Homework Help: Splitting an integral range to handle singularities

1. Mar 26, 2012

GarethB

I am required to write a program that uses Simpson's rule to evaluate ∫t**-2/3(1-t)**-1/3 dt from limits t=0 to t=1. The questions gives a hint to split the integral into two parts and use a change of variable to handle the singularities.
I really don't know where to begin. Is the choice of the value of t of where to split it arbitrary?
How would you handle the change of variables?

2. Mar 26, 2012

gulfcoastfella

It's a bit difficult to interpret your function the way you've entered it. Could you re-enter it using Latex Reference (click the $\Sigma$ symbol above the comment box you're typing in for Latex Reference formatting). Thanks.

3. Mar 26, 2012

sunjin09

since the singularities are the endpoints, what you can do is convert the domain of integration to [0, pi] and use a transformation, t=cosτ, so that dt=-sinτ dτ and hopefully the sinτ can cancel the singularity at the endpoints.

4. Mar 29, 2012

GarethB

Ok let me try to re-enter this;
the integral I am trying to compute is;
[0]\int[/1][t]^{-2}[/3][(1-t)]^{-1}[/3]dt
I have never used latex before so bare with me if this is a disaster

5. Mar 29, 2012

GarethB

ok sorry that clearly didn't work!!

6. Mar 29, 2012

Staff: Mentor

Other people responding to your post are confused about what the integrand is. If you write it inline, you NEED parentheses around your fractions.

As best as I can tell, this is your integrand:
t^(-2/3) * (1 - t)^(-1/3)

In a little nicer form (and not using LaTeX), this would be
t-2/3(1 - t)-1/3

I'm using the HTML tags for exponents here. They are available when you click Go Advanced just below the text input pane. For exponents, click the X2 icon.

An even nicer form for your integral uses LaTeX.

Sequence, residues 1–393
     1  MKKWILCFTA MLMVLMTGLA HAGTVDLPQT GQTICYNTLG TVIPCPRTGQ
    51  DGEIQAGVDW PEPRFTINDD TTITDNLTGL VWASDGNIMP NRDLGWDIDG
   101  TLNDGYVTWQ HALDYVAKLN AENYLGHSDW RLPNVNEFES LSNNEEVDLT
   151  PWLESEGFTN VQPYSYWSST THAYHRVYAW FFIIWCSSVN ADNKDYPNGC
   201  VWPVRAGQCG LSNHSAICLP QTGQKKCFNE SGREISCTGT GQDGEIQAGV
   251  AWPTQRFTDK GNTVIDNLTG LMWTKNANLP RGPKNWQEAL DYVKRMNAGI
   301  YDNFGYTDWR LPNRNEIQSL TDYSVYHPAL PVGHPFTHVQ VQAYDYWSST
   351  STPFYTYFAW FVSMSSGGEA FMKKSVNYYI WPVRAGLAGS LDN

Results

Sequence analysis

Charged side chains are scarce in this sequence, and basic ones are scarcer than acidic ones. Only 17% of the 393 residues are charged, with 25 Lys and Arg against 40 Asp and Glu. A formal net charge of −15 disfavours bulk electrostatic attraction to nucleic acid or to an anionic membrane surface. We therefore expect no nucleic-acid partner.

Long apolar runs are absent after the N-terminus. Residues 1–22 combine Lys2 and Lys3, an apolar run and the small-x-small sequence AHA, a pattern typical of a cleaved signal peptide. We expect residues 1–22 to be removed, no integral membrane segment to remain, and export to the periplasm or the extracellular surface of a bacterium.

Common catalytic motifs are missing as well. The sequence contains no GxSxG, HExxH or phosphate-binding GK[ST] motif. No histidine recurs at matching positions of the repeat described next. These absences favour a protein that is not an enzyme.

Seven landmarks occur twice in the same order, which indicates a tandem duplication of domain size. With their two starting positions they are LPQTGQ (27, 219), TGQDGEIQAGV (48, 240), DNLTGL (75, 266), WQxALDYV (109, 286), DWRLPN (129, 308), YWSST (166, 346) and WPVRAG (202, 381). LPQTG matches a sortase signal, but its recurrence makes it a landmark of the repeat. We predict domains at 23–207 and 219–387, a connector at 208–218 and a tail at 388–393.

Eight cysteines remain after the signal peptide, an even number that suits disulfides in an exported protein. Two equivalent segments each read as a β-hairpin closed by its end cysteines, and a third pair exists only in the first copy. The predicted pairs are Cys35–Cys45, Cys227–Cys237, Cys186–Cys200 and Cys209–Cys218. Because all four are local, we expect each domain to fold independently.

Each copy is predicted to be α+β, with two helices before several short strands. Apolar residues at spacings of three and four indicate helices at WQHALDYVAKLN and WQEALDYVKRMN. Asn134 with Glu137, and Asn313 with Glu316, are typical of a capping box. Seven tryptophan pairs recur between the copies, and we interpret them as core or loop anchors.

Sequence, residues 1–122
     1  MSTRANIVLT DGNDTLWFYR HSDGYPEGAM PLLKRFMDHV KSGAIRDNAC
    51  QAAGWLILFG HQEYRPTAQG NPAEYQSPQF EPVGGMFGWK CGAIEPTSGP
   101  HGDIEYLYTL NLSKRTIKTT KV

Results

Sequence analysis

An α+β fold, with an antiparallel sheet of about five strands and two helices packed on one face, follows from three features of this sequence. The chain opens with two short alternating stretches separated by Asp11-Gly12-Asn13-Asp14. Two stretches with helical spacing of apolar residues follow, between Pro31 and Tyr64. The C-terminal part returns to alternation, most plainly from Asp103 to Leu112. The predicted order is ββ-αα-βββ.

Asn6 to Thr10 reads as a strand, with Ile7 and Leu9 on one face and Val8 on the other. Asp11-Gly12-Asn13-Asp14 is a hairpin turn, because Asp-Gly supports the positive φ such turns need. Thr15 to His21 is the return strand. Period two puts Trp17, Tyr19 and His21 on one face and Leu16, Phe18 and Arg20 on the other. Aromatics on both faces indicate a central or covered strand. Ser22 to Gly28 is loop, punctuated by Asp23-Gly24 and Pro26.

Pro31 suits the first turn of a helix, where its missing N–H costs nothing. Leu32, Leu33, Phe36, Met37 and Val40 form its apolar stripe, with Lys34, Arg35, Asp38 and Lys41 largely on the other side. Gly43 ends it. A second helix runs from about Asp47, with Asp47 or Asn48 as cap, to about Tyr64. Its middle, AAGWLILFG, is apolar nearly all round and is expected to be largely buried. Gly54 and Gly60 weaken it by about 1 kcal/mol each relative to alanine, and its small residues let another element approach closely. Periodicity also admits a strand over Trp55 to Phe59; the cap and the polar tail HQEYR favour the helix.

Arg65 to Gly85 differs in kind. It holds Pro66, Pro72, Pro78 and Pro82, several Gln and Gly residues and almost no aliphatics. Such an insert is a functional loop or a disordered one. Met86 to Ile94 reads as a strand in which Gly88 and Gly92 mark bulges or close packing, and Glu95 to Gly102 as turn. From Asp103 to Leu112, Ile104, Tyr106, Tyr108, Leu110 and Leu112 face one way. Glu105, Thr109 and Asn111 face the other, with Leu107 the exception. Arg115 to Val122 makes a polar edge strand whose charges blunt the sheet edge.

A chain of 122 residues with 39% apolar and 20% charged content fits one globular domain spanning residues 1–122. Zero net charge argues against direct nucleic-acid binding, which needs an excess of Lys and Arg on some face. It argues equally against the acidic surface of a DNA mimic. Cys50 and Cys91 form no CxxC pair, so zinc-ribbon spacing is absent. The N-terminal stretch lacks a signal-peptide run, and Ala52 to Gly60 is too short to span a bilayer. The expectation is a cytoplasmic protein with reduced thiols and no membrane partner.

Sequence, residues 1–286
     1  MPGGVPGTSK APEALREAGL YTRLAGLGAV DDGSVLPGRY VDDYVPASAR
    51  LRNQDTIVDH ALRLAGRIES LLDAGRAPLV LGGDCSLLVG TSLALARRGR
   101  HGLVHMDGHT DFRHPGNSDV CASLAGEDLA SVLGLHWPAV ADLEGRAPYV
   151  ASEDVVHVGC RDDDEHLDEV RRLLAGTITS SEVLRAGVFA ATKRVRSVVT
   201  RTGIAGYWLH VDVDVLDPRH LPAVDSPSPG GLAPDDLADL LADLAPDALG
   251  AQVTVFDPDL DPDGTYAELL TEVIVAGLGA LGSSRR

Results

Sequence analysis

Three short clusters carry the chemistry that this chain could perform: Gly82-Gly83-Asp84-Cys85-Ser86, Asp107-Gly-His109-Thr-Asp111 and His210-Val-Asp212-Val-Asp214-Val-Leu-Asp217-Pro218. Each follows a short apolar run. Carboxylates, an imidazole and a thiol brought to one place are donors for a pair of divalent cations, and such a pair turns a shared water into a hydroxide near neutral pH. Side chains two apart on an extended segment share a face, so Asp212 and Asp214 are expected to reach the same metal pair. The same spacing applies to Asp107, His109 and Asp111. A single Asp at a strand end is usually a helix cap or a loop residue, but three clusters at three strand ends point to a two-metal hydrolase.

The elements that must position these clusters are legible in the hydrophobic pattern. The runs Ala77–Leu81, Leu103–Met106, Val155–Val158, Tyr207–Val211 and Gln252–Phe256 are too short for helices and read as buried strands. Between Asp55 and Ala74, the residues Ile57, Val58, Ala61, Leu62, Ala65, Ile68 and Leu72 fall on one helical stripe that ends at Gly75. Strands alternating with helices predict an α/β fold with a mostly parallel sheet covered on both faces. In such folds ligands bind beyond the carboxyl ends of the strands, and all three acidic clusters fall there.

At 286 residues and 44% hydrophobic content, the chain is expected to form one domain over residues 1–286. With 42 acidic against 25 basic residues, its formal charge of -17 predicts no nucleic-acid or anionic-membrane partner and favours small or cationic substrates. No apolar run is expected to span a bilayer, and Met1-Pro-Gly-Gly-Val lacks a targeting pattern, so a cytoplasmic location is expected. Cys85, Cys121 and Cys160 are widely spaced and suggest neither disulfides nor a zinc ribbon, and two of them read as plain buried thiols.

$$\int_0^1 t^{-2/3} ~ (1 - t)^{-1/3}dt$$

If you click the integral expression, you can see the LaTeX script I used to get this integral.

7. Mar 29, 2012

GarethB

Yes that's what I have been trying to write all along; thanks for clearing that up now we can proceed with trying to solve this!! Clearly there are singularities at either end. How could you split range of the integral into two parts and then use a different variable change in each?

8. Mar 29, 2012

GarethB

Every variable change I have tried just swaps where the singularities are.

9. Mar 29, 2012

GarethB

I have tried x=1/t as well as x=sin(t). The singularities remain.

10. Mar 29, 2012

sunjin09

I assume you are referring to my suggested change of variable t=cosτ. Well as I tested it worked for the t=1 singularity and not for the t=0 one. What you can do is split the integral into (0,1/2) and (1/2,1), my trick works for the latter. Similar trick can be applied to the first interval, although I admit there must be a nicer way that handles both ends at the same time.

11. Mar 29, 2012

GarethB

No I was referring to my attempt at using latex (that clearly didn't work) I'm sorry I hope I didn't offend you. Anyway back to the problem.
I tried your suggestion of using t=cos(x). Surely then the upper limit will be zero, (since cos(0)=1) in which case the term (1-cos(x))^-1/3 will surely be undefined at the upper limit? Or am I missing something? Would you mind showing me how you solved it for the upper bound?

12. Mar 29, 2012

gulfcoastfella

Ignore this post, I was in the wrong thread...

13. Mar 29, 2012

sunjin09

The (1-cos(x))^-1/3 blows up as x→0, but dt=-sin(x)dx, the sin(x) factor CANCELS the singularity, i.e., (1-cos(x))^-1/3*sin(x) is well behaved as x→0, the resultant integral can be evaluated in $x\in(0,\pi/3)$, corresponding to the t integral over (1/2,1), more specifically
$$\int_{1/2}^1 t^{-2/3}(1-t)^{-1/3}dt=\int_{\pi/3}^0 (\cos x)^{-2/3}(1-\cos x)^{-1/3}(-\sin x)dx$$
$$=\int_0^{\pi/3}(\cos x)^{-2/3}(2(\sin\frac{x}{2})^2)^{-1/3}2\sin\frac{x}{2}\cos\frac{x}{2}dx =\int_0^{\pi/3}(\cos x)^{-2/3}2^{2/3}(\sin\frac{x}{2})^{1/3}\cos\frac{x}{2}dx$$
Similar tricks can be applied for the t integral over (0, 1/2) interval.